– The sixth place project in Joshua is at the edge of a small town of 6,000 far outside the DFW metro area. Yet, it is just a quarter-mile from the nearest tax credit development. It received an award.
Region 4 rural – Upper East Texas
– The outcome of this region solely relied on distance, as all projects were tied after final scores and opportunity index points were factored in.
– The first place, winning project is in the tiny town of Brownsboro. The tract poverty rate is 14 percent, with likely few amenities or jobs nearby.
– The second place, winning project is in Henderson, a larger town of 12,000. The site is along Highway 259, a busy road with mostly commercial uses.
– The third place, losing project is also in Henderson, but located just outside of the city center in a residential neighborhood setting.
– The other three projects are less than one mile from the nearest tax credit development.
Region 9 urban – San Antonio
– The first place, winning project is located far south of New Braunfels in an area of light industrial activity on Interstate 35. It is across the interstate from a large industrial site and is the highest poverty site in the region, with a tract poverty rate of 14.3 percent.
– The second place, winning project is located at the far northern fringe of San Antonio. It is located on busy Loop 1604 across the highway from a large quarry and a cement plant, and is physically isolated from communities and services.
– The third and fourth place, losing projects are located at the far west edge of San Antonio, but in areas with newer single family homes and goods and services nearby.
Region 11 urban – South Texas Border
– In this region, the tiebreaker serves to decide the runner-up to the three awardees from an eight-way tie. Neither the awardees nor the remaining projects are ideal – one awardee is located at the northern fringe of Brownsville, and two are within a mile of each other in the urban fringe southeast of Edinburg.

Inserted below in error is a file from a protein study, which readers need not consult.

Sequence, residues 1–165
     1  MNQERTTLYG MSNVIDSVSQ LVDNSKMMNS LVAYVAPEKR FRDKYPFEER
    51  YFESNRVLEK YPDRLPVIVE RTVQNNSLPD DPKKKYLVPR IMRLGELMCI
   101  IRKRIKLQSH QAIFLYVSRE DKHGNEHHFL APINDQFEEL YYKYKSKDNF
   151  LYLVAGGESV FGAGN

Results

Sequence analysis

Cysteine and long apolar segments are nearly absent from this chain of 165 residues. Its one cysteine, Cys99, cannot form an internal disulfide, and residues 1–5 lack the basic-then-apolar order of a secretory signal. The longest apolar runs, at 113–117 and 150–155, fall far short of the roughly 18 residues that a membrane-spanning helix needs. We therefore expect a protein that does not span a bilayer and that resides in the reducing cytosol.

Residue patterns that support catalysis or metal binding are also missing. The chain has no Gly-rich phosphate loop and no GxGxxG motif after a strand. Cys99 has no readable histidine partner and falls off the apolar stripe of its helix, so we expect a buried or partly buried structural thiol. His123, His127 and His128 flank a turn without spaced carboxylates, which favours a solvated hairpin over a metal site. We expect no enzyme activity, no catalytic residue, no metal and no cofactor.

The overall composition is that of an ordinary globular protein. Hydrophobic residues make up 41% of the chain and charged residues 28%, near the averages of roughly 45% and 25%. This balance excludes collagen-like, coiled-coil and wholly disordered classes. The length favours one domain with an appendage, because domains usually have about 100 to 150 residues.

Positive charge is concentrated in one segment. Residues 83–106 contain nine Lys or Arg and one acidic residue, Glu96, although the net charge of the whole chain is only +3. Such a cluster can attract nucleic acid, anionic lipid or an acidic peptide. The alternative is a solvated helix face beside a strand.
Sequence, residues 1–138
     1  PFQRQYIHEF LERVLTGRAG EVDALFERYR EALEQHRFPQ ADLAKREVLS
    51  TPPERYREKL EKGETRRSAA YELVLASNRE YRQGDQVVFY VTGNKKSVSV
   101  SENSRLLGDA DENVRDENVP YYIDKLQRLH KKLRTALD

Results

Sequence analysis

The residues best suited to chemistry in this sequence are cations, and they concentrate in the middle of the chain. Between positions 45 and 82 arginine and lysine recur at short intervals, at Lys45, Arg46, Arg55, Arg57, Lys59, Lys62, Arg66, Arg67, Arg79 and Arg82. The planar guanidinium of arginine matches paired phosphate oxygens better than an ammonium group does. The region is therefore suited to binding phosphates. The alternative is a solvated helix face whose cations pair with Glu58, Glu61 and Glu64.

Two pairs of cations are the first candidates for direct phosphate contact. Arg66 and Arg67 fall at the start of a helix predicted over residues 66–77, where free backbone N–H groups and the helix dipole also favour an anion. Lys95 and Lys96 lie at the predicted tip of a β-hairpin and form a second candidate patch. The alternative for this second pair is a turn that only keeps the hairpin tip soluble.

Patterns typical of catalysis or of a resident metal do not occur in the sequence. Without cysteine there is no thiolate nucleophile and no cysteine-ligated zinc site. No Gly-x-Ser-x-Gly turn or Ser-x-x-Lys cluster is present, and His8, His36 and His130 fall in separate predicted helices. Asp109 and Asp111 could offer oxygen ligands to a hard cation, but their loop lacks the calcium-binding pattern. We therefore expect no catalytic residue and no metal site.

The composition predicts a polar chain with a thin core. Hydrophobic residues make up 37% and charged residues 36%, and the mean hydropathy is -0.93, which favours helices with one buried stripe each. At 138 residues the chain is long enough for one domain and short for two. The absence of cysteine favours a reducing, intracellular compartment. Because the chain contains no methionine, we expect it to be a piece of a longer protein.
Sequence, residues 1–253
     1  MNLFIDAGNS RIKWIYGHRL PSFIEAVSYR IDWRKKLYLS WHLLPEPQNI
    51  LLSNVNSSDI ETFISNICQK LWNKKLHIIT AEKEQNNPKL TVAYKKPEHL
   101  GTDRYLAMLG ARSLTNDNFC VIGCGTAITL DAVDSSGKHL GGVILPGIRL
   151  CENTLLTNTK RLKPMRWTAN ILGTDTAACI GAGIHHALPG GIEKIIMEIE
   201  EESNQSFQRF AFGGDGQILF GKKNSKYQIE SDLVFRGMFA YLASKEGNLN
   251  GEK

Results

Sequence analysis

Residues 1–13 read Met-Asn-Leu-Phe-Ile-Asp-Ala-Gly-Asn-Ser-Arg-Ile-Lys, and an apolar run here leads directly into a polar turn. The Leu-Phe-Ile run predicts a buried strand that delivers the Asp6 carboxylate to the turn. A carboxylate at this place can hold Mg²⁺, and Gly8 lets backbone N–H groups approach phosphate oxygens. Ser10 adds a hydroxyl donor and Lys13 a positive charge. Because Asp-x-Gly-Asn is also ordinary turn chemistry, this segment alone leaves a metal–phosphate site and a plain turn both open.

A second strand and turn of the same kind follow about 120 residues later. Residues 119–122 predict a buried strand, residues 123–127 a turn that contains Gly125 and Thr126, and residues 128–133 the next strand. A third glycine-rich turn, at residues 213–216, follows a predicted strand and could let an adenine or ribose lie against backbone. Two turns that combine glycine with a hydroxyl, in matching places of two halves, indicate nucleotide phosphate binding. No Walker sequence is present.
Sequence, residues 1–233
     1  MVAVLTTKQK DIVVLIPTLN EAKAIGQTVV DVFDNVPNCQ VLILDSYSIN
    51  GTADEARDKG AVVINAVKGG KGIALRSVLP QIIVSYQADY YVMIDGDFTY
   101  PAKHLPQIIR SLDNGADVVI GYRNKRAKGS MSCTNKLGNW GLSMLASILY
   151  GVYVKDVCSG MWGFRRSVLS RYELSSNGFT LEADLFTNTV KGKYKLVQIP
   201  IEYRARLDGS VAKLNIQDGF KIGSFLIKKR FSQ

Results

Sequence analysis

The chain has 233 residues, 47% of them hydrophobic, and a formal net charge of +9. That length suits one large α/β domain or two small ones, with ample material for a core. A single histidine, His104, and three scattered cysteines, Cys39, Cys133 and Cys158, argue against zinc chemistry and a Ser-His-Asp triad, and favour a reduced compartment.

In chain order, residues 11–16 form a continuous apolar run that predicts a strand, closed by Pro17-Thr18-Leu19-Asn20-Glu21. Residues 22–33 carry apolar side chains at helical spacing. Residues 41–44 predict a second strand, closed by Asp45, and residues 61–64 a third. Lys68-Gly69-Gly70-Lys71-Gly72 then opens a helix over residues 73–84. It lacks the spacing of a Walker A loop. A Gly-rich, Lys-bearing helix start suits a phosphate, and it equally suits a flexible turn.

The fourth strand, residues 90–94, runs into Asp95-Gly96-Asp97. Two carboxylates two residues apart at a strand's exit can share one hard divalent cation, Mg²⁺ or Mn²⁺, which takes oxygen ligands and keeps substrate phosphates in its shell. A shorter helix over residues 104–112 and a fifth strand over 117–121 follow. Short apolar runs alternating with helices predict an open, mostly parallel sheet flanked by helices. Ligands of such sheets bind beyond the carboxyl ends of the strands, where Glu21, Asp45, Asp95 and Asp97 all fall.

– The entire field of applicants would have tied if not for for the two-point deduction that a majority of the field incurred because of a rule for this region applied to sites outside of colonias. This is strange because none of the three awardees are located in a state-recognized colonia either.
– In general, it is curious that, given low land costs and large tax credits in this region, all of the projects are located in the urban periphery and promote additional sprawling development which contributes to the many infrastructure and service deficiencies in this region.
– The fourth place, first runner-up project is located at the far northern fringe of McAllen, just southeast of a wastewater treatment plant.
– The fifth place project is located on Highway 107 at the western periphery of Edinburg, across the road from an auto dealership, which are often sources of light pollution. At 32 percent, it has one of the highest tract poverty rates in the region.
– The sixth place project is in the urban fringe between McAllen and Edinburg in the middle of several open crop fields.
– The seventh place project is isolated beyond the urban fringe north of Brownsville. There is nothing nearby to serve residents.
Given the deficiencies of the tiebreaker process, we have several recommendations for the state:
– Include more nuanced and demanding criteria in the opportunity index points for urban projects. At this point, the only factors included are a poverty threshold of 15 percent, median household income quartile of the Census tract and presence in an attendance zone of a school meeting very lenient criteria.
– Make the distance to the nearest tax credit development a tertiary tiebreaking criteria, and include a different secondary criteria, such as the distance to the nearest full-service grocery store.
– Include a criteria regarding proximity to an undesirable land use, such as a busy freeway, that would eliminate projects in a tie.
Who wants to live on a busy freeway, or in an area with few amenities or jobs nearby, or near a source of nuisance or health hazard? Let us not forget the point of this competition: To award tax credits that help developers build high-quality affordable housing. Our state’s housing tax credit allocation process must promote this concept.